• shark tail how it prevents dipping of its snout (mechanics)

Least useful keywords for a perfectly valid search

  • at what time (local) did the ups flight depart dubai international airport on its fateful last flight on

Search most likely to end up as an exam question

  • an airplane is flying at 450km/hr at a constant altitude of 5km. It is approaching a camera mounted on the ground

Search from pilot who is seriously planning ahead

  • which aircraft have more ability to land on a flooded runway between boeing 737-800 and airbus 319 320

Search most in need of more details

  • why didn’t pilot try to make it to ho chi ming for emergency landing

Quiz night search

  • do planes land with or against traffic on emergency landings in the street

Most unexpected search

  • women wearing masks breathing hard flickr

Search pilot should have made BEFORE the flight

  • what will happen if I infringed controlled airspace

Bragging search (My boyfriend has done this too)

  • i slept with a pilot

Important search that I just can’t help with

  • con man? a man with a british accent from california claims he is a ww2 pilot

And finally…

Search most likely to inspire me to write a new article

  • are the birds of prey at prestwick airport trained not to fly away

To be fair, the report results actually show that most of you are sane and interested aviation enthusiasts. But now and then, I have to admit, I have to wonder…

09 January 2015

A Drone and the Man who Loves It

I have posted a few times about the dangers of drones but this video shows what can be done with a remote controlled model aircraft. It has everything: suspense, intrigue and action. It’s the touching story between a drone at the edge of its life and the Dutchman who loves it.

Zwier Spanjer got a DJI Phantom 2 for Christmas and spent the day flying it around the local park in the Netherlands. He was having so much fun, he forgot to watch the power.

Just watch:

When the DJI gets low on power, it goes into auto-land mode which is why it is slowly descending. You can see the owner and his friends watching from the street.

Of course, someone has already done a Whitney Houston homage:

I know I complain about reckless usage of these now that they’ve become affordable and popular but I do love the camera footage that comes from them!

26 December 2014

Most Popular Aviation Pieces in 2014

Long dark nights are slowly receding as we pass the winter solstice and head back towards Spring. I can tell you, I’m seriously looking forward to 2015: I have great expectation of fun projects and lots of writing and hopefully even a bit of flying.

This year’s most popular posts are an interesting mix as quite a few of them were not posted this year. They gained belated attention through posts on aviation message boards, Reddit and searches for information, which means some unexpected posts like those in the history category did especially well.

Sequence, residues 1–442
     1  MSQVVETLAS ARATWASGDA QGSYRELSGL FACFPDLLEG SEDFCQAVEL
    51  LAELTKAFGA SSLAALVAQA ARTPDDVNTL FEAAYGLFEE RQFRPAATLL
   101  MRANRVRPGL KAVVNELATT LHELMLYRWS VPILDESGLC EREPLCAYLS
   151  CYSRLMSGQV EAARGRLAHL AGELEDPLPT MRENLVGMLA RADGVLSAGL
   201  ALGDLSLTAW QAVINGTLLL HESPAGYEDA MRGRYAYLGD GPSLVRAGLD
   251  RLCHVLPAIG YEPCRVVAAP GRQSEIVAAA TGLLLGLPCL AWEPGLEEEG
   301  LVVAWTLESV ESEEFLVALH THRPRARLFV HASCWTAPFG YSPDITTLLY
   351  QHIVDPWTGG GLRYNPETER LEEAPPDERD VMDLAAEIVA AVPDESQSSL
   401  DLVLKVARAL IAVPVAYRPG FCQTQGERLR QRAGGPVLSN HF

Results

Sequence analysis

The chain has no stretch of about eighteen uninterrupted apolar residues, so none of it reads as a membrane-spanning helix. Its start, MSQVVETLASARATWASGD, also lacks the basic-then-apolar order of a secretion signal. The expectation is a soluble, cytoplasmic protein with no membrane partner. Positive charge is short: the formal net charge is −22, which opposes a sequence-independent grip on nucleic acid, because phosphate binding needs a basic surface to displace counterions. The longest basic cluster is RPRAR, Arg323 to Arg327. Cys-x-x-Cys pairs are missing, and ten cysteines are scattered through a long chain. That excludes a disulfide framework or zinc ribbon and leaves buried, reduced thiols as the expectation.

I made one change: I didn’t count posts to do with MH370 and MH17. I feel these were high at the time as we all tried to make sense of the mystery of the disappearing aircraft but they have not been updated since the initial posts and may now hold information that has since been corrected. None of them appears in the top posts of the last few months, that is, there was a spike of interest which has now receded.

(Obligatory pitch: if you are interested in reading more about MH370, then take a look at my book, The Mystery of Malaysia Airlines Flight 370. It does not cover the last few months of search news but the details of the flight and the list of theories regarding the aircraft’s disappearance are completely up-to-date.)

So, here are the posts which were the most popular in 2014!

Number One: The Story Behind an Unbelievable Photograph

I wrote this November 2013 because I loved the photograph and wanted to know how it happened. Clearly, a lot of people have the same question: it has turned out to be my most popular post ever.


Number Two: Boston John

Air Traffic Controller John Melecio, also known as “Boston John,” is one of the most famous ATC controllers today. When he was controlling from Boston Tower, he was always lively and humorous, gathering a following all over the world. Listeners on LiveATC.net posted to the forums whenever he was on air so fans could tune in and hear him live.

When I wrote about John Melecio, I didn’t realise he was quite that famous but two years later, this post is one of the most often linked to from avation groups talking about ATC.


Number Three: FAA Approved?

I found this on an aviation forum and I just can’t stop staring at the photographs.

This is the sixth year in a row that this series of photographs is in my top five posts. I have to admit, I never get tired of looking at his repairs.


Number Four: Overloaded, Overspeed and Out of Fuel

The situation started quietly: a Boeing 757 inbound to Newcastle International Airport (NCL) was asked to do a go around: break off the approach and try again.

The Thomas Cook aircraft was a Boeing 757-237 registration G-TCBC. There were seven crew on board and 235 passengers. The crew was scheduled for an early morning flight from Newcastle to the Canary Islands, landing at Fuerteventura and returning to Newcastle that afternoon. They could expect to be home for suppertime.

At less than a month old, I’m surprised to see this accident report in the top ten, but it is a hard-to-believe incident in which a relatively standard sequence of events almost turned into disaster.


Number Five: Six Exclamations You Never Want to Hear in the Cockpit

“Have You Ever Done a Barrel Roll in the Dark?”

This was a selection of six accidents with wince-worthy cockpit conversations shortly before things went pear-shaped. Most of these are accidents I covered on the site and I thought I’d try a different way of doing a round-up of interesting accidents. It seems to have worked.